Thoughts on the Singularity

Today I want to talk about mechs.

One of the really interesting things in science fiction is the interface between flesh and machine. And one of the most interesting things about that interface is how ambiguous it often is. Bladerunner, for example: we never know for sure whether a replicant’s core is robotic or not (or even what, precisely, the word “robot” is intended to mean). Battlestar Galactica played a similar are-they-or-aren’t-they game in its initial episodes.

And I suspect that one of the reasons for this is that, in creating such fictions, we’re skating over some pretty thin ice around our culture’s broader anxieties. We know this stuff is coming. We know there’s going to be a Web N.0 where it all gets right inside our heads. Or maybe those of our children. But we’ve got very little sense of the exact sequence events might follow. Or how the timelines might play out. It’s all just guesswork.

And, as Warren Ellis pointed out last week, it’s made even more problematic by the way in which all too many of the folks who are best equipped to speculate are content to get all misty-eyed and mystical about the Singularity (aka the “Rapture for Nerds”, though Ken McLeod has been at pains to point out that he didn’t coin the term). And before you start hurling epithets and tomatoes: sure, there’s some kind of Singularity on the horizon. I know that. Something’s brewing. That much seems clear. But it’s probably not going to be the peaches-and-cream mass-upload that so many seem to have in mind. It’ll be something far more ambiguous. It’ll hit us from the blindside like the web did. And like the web, even as it opens up new worlds, it won’t magic away anything in the real world. And we forget that at our peril.

But I was here to talk about mechs.

Look, here’s the thing: the problems I’ve been talking about admit of ambiguity. Mechs in THE MIRRORED HEAVENS don’t. More than one reader/reviewer (and god knows I love them all, so don’t take this as an ad hominem attack, ‘cos it ain’t) has used the word mech interchangeably with the word cyborg. To paraphrase Winston C., that is something up with which I cannot put. They’re different classes of concepts. While you’ll have to read the book itself to find out where I come down on the whole cyborg question, the mech issue is far more straightforward:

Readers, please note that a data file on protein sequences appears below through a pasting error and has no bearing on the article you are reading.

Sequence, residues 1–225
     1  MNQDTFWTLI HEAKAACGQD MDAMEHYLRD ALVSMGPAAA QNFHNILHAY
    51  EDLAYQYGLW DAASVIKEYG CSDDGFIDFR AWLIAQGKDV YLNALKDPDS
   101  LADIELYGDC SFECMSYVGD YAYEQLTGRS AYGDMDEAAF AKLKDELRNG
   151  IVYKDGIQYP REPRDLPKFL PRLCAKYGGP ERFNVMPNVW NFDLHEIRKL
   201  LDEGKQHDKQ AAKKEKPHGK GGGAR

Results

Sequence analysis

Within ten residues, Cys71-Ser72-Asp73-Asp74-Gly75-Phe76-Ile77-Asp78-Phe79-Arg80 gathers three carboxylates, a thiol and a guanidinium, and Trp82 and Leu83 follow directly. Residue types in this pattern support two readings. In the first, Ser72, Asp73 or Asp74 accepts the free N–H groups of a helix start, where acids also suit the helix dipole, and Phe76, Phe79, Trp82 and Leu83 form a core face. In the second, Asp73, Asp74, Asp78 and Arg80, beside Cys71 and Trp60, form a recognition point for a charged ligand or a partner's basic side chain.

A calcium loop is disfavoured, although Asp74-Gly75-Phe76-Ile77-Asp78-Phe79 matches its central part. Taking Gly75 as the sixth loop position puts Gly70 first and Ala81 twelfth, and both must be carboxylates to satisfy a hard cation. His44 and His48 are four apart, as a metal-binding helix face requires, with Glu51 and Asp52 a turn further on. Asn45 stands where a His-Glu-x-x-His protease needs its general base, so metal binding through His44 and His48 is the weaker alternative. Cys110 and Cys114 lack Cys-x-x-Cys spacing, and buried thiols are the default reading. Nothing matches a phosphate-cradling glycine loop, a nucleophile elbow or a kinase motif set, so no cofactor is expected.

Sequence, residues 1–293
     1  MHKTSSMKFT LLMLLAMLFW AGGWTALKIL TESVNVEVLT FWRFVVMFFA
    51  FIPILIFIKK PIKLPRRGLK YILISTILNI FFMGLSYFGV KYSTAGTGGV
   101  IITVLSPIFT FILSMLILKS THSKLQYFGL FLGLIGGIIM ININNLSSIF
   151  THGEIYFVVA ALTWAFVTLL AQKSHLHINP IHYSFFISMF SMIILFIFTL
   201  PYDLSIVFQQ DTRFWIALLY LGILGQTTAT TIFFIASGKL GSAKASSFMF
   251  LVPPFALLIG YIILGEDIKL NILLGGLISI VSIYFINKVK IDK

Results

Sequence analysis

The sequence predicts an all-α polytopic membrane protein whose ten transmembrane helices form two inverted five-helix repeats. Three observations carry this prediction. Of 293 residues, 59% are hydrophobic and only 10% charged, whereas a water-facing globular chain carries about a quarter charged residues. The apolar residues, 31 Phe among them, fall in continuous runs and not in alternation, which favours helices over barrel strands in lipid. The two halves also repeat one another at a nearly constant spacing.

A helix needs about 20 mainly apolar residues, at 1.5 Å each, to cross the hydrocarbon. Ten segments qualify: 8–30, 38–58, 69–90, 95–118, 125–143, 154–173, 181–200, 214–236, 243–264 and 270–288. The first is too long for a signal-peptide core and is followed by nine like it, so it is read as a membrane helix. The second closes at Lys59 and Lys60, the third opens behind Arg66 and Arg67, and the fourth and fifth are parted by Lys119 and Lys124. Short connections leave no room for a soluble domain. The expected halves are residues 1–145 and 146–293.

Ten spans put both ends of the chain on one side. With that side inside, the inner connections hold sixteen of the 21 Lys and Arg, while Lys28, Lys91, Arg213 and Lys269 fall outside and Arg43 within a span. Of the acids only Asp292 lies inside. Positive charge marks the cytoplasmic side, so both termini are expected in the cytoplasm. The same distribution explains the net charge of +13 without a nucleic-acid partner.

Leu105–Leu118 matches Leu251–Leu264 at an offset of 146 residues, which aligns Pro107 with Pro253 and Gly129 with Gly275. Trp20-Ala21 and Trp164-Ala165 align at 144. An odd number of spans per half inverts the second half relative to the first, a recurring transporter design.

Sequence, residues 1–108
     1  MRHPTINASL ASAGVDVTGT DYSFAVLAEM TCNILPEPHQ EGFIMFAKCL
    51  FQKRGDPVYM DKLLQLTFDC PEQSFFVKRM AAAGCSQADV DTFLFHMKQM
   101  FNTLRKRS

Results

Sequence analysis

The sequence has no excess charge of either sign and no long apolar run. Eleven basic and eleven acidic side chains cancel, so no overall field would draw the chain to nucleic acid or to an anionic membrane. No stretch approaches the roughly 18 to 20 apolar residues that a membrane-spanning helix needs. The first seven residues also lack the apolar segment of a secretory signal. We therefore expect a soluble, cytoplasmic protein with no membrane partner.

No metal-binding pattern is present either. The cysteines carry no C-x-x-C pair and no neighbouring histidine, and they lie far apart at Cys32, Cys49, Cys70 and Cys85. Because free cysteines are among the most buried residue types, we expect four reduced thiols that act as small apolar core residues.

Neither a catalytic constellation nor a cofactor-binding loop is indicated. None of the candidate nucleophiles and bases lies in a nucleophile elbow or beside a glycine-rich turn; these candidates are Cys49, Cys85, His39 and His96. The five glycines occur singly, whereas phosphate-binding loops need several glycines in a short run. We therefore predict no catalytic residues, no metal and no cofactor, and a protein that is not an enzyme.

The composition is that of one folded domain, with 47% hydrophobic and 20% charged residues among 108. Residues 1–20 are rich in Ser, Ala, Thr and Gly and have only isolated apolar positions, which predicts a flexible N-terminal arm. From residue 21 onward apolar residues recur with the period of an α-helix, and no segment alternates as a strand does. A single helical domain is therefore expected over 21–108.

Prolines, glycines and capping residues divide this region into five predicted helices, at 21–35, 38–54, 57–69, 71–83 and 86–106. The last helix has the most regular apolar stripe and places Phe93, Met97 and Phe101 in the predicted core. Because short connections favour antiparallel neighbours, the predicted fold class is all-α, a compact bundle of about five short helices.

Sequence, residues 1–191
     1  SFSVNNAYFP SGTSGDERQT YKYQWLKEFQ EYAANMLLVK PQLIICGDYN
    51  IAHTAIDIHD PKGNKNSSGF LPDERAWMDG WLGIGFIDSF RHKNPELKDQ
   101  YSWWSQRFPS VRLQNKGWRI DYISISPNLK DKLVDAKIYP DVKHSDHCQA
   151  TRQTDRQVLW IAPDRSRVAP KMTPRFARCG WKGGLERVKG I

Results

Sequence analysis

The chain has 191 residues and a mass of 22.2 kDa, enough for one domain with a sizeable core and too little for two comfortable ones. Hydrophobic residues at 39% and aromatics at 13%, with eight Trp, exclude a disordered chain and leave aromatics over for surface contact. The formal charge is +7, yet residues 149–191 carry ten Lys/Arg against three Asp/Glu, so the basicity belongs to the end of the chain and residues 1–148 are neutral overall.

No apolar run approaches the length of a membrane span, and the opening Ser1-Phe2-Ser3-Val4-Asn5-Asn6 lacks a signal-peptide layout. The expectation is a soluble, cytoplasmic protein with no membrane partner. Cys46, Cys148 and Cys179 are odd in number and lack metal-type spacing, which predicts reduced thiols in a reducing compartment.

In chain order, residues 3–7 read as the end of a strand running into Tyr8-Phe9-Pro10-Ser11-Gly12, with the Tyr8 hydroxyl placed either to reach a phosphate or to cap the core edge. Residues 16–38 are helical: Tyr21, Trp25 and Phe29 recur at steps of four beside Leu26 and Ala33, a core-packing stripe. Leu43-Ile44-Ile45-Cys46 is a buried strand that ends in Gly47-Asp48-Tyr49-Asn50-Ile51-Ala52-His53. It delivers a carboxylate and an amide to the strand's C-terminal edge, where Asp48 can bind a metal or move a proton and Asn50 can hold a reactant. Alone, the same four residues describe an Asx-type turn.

The word’s come down from the old man himself. Both kinds of runners hit this city tonight. The razors work the zone [i.e., the net] and the mechanics kick in the doors.

Make sense? Mechs doesn’t refer to cyborgs, nor is it a reference to anime mechas. Mechs are the men and women who call themselves mechanics: assassins. They’re black-ops operatives who specialize in physical combat while the razors with whom they’re partnered work the zone and enable their runs. And in fact, I’ve got some additional information as well, on the bottom-right of this page.

Cool? Cool. Or rather, I wish it was #$# cool. But it’s not. In fact, it’s hot as hell right now in the middle of our nation’s capital. You can tell this town was the result of a political compromise. Thanks a lot, Founding Fathers.


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5 Responses to “Thoughts on the Singularity”

  1. Al Billings Says:

    I always thought it was fairly clear in Bladerunner that the replicants were engineered biologicals without any hardware. Otherwise, why are they doing the weird tests instead of running them through metal detectors or more advanced detection devices?

    The thing with the cylons in Battlestar Galactica has always been pretty inconsistent. Sometimes, they seem to have something like machinery (glowing lights in spine? Ability to shove a wire in the arm?) but, strangely, no one can detect these bits.

  2. David Williams Says:

    I agree with you, Al–the movie definitely leans strongly in that direction. But it still leaves some ambiguity, particularly in the use of the word “robot” in the opening text.

    There’s also a tantalizing reference in one of the earlier scripts:

    On the cylons: one possibility re the glowing red lights in the spine is that they’re akin to the glowing red eyes of the replicants: i.e., they’re a narrative device that’s only visible to those who can see through the fourth wall (i.e., the audience).

  3. Ian Hristo Says:

    Hi David, thanks for leaving a comment on my blog. Let me know when you want to use any of my ideas for a new book ;-). I will pick up your book in the stores, it sounds very interesting. Good luck with it and future writing.

  4. Al Billings Says:

    Yes, they probably are a narrative device but it is still annoyingly hard to be sure. Of course, in the end, it is just media.

    By the way, I enjoyed your book quite a bit. I hope to see more.

  5. David Williams Says:

    @Ian: thanks a ton–hope you enjoy it!

    @Al: appreciate the kudos. . . there will be more indeed–plus I’ll be posting daily here . . .